Published: January 31, 2012
Bonhams conducted two sales during Americana Week, starting off with a January 19 auction of fine American and European furniture and decorative arts and following that up the next day with a sale of maritime paintings and decorative arts.
The furniture and decorative arts auction witnessed strong participation and success across all collecting categories †silver, American, English and Continental furniture †selling the top lots and having strong interest in all fine pieces.
Karl Green, Bonhams’ director of fine and decorative arts in New York, said of the sale, “We at Bonhams are pleased to witness some of the field’s most serious collectors fill our galleries during the week and ultimately the auction room. There was competitive bidding across all collecting fields, making our sale one of the highlights of Americana Week.”
Leading the sale in the English furniture category was a William IV mahogany circular extension dining table, circa 1830. This massive table that can expand by inserting eight pie-shaped leaves exceeded its $30/50,000 estimate, selling for $80,500. Other top English furniture highlights include an Eighteenth Century George III carved mahogany breakfront bookcase bringing $62,500; a pair of Nineteenth Century Irish George II-style carved mahogany consoles for $41,250; and a fine pair of George III-style inlaid mahogany serpentine chests selling for $35,000.
Silver also performed admirably, taking two of the top ten lots of the sale. A Danish Georg Jensen sterling silver soup tureen with a lid decorated with a grape cluster and curled leaf finial and a body raised on double pinecone and leaf feet sold for $74,500, well above its $25/40,000 estimate, while a pair of Jensen sterling silver five-light candelabras also went above estimate, fetching $56,250.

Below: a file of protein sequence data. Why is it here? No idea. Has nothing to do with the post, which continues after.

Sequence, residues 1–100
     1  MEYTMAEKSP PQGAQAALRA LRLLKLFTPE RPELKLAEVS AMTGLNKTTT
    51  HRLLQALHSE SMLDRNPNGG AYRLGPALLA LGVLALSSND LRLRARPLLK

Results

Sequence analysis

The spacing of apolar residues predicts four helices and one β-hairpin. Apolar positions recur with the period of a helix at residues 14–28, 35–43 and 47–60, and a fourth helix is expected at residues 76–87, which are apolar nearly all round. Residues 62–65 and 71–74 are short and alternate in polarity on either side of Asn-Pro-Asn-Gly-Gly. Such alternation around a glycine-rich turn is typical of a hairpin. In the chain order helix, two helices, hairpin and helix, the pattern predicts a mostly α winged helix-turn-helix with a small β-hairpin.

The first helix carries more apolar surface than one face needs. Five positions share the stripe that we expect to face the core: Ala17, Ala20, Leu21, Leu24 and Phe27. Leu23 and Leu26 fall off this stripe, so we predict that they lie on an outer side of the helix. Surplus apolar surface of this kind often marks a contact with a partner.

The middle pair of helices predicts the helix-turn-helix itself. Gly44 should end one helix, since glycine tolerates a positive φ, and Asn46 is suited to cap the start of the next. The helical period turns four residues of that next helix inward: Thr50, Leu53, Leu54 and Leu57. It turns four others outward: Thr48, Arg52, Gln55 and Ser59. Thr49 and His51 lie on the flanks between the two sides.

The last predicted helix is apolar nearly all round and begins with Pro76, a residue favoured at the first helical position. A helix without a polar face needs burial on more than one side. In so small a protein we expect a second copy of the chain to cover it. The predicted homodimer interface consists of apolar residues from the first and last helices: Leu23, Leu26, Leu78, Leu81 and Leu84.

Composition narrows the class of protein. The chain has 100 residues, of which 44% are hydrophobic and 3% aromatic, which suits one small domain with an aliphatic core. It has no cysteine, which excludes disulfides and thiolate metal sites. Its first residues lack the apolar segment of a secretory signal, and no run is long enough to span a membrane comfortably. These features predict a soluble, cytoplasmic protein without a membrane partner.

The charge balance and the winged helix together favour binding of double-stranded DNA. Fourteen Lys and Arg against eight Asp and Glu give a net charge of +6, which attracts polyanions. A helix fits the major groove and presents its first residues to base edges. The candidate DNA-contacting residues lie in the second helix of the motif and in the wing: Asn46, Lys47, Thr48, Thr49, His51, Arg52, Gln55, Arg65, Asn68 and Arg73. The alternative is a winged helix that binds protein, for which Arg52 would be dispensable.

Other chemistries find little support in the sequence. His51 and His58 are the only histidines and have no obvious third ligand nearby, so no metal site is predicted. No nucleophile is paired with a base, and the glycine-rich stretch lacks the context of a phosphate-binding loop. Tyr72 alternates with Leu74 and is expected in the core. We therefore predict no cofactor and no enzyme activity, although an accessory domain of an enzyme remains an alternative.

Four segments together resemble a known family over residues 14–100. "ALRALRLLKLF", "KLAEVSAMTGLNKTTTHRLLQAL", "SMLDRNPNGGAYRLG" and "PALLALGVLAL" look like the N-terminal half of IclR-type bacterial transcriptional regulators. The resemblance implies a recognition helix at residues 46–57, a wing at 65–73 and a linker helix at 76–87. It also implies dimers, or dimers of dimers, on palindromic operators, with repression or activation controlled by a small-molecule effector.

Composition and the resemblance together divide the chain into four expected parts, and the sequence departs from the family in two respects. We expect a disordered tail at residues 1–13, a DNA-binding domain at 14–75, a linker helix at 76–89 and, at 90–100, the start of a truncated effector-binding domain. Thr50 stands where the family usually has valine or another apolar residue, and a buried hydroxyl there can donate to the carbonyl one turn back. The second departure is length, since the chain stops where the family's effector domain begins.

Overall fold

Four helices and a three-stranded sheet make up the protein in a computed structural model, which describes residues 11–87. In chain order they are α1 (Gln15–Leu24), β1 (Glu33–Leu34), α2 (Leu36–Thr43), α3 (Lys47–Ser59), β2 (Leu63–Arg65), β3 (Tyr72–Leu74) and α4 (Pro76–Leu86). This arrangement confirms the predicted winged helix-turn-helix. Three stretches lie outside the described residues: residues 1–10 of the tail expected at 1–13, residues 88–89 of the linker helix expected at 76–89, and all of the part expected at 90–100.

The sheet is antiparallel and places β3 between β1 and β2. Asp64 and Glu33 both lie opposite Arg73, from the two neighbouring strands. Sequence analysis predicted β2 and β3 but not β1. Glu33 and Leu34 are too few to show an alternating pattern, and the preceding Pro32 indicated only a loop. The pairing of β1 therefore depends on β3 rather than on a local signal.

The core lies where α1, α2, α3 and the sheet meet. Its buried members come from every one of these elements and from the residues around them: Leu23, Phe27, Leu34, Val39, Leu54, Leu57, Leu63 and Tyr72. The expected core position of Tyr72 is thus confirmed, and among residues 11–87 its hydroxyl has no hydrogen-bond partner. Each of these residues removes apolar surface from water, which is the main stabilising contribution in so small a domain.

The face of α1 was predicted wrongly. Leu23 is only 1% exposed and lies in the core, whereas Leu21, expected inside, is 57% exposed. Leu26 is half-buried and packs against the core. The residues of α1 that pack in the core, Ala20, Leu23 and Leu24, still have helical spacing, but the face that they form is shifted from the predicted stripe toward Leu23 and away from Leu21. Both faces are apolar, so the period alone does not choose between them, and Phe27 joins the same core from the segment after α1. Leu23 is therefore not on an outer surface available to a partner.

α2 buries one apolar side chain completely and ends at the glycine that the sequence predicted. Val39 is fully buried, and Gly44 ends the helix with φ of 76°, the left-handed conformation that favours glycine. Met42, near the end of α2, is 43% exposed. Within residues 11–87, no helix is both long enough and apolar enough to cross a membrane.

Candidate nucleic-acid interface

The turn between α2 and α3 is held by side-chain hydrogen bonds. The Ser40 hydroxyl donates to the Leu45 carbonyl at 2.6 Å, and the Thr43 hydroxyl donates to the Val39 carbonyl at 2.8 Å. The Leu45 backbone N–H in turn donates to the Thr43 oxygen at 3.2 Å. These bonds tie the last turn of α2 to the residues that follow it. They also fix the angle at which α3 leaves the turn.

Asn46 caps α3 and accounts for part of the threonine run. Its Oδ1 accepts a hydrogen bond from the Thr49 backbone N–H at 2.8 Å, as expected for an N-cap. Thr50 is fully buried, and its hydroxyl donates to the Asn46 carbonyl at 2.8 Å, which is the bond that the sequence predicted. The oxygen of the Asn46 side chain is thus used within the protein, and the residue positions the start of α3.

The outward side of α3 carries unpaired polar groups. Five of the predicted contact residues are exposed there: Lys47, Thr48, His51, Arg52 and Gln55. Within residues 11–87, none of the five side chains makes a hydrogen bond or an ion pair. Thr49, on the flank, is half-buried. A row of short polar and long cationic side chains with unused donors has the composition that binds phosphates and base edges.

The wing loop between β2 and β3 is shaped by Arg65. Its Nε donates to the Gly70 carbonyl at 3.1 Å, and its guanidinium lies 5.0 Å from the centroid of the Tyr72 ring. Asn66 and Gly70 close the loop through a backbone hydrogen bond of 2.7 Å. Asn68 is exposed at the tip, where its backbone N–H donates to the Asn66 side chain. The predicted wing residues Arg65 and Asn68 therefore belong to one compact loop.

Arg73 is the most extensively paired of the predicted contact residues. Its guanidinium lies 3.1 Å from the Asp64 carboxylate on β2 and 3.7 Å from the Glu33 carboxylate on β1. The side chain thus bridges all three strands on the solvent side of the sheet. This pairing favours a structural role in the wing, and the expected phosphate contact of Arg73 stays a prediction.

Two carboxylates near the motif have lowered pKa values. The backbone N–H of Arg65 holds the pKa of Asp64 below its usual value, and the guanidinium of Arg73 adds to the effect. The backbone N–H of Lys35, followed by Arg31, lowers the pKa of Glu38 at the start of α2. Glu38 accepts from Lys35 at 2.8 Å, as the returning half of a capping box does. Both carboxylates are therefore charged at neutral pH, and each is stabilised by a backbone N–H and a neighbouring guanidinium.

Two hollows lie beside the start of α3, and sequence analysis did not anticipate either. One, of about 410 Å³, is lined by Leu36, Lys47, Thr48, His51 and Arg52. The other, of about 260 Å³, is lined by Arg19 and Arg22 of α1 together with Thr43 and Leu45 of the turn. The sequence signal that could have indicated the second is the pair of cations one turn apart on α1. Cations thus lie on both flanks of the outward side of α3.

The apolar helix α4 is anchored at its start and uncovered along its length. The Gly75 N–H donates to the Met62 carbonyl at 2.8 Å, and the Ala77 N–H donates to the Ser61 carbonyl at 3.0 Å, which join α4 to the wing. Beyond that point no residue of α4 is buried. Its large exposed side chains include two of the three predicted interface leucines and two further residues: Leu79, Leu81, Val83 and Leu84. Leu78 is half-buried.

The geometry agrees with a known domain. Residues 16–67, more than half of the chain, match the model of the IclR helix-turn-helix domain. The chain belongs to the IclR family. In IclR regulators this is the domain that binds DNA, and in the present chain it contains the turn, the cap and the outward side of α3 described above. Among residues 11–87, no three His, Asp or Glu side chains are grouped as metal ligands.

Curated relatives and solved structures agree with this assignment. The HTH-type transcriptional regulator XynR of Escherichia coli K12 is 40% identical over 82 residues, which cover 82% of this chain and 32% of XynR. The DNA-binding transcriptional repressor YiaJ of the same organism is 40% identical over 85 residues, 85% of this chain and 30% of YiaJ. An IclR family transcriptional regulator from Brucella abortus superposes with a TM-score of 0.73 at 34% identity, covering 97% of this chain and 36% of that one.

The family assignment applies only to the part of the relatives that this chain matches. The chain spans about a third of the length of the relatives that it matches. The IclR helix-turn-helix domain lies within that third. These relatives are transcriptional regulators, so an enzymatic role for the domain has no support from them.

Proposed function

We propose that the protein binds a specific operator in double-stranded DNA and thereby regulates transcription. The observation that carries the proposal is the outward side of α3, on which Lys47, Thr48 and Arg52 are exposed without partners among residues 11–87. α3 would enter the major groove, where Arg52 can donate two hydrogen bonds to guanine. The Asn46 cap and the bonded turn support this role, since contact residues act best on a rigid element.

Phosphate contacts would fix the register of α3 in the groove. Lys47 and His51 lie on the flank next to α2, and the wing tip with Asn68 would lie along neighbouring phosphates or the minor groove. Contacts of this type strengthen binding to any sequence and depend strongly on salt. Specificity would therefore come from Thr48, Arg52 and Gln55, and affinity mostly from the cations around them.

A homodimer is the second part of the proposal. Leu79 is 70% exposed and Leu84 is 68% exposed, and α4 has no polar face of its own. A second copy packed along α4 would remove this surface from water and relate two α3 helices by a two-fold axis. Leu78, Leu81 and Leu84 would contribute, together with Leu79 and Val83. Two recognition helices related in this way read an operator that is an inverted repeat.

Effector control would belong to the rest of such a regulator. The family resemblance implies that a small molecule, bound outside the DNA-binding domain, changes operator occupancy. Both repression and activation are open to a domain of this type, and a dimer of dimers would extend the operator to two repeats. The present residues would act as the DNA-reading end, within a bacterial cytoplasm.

Another highlight to the sale from the Americana category was a newly discovered and uncommon Moravian owl bottle from the Salem area of North Carolina. This rare example sold for $50,000. Also in the Americana section of the auction was a selection of works by John James Audubon, which all found places among the top ten lots. “Snowy Owl” from the Havell edition of The Birds of America sold for $60,000, followed by “Iceland or Jer Falcon” at $50,000.
Bonhams’ January 20 auction of important maritime paintings and decorative arts experienced great success, setting a new world auction record for American artist Sarah Goodrich. Her portrait miniature of Captain John Paul Jones, father of the American Sailing Navy, quadrupled the high estimate of $5,000, finishing at $20,000.
Gregg Dietrich, a maritime sales consultant at Bonhams, said, “Masterworks by notable American, British and Dutch maritime painters were the true highlights in this sale, continuing to perform very well here at Bonhams. Through the high caliber of work presented, accompanied with our scholarly research, we experienced another well-rounded, successful sale.”
James Edward Buttersworth’s “Yacht Race” was one that went under a great scholarly effort, which proved a factor into the attraction to the lot. Pushing its sale well over the high estimate, it realized $170,500, making it the top lot of the sale.
The second highest selling lot was John Ward of Hull’s “Warships on a Calm Sea,” bringing $72,100, which is the second highest price achieved at auction for the artist since 2006.
Jacob Adriaensz Bellevois’ “Shipping Outside Flushing Harbor” was the first offering of a Dutch Old Master painting in the maritime auction at Bonhams. This masterwork proved a success, achieving $47,500.
The work of American maritime master Antonio Nicolo Gasparo Jacobsen continues to perform well, taking three of the top ten lots of the sale †”The British Clipper Ship Laomene Under Full Sail at Sea” brought $21,250; “The Sail/Steamer Crane at Sea” took $20,000; and “The Yacht Sultana at Sea” realized $17,500.
All prices reported include the buyer’s premium.
For more information, www.Bonhams.com or 212-644-9001.
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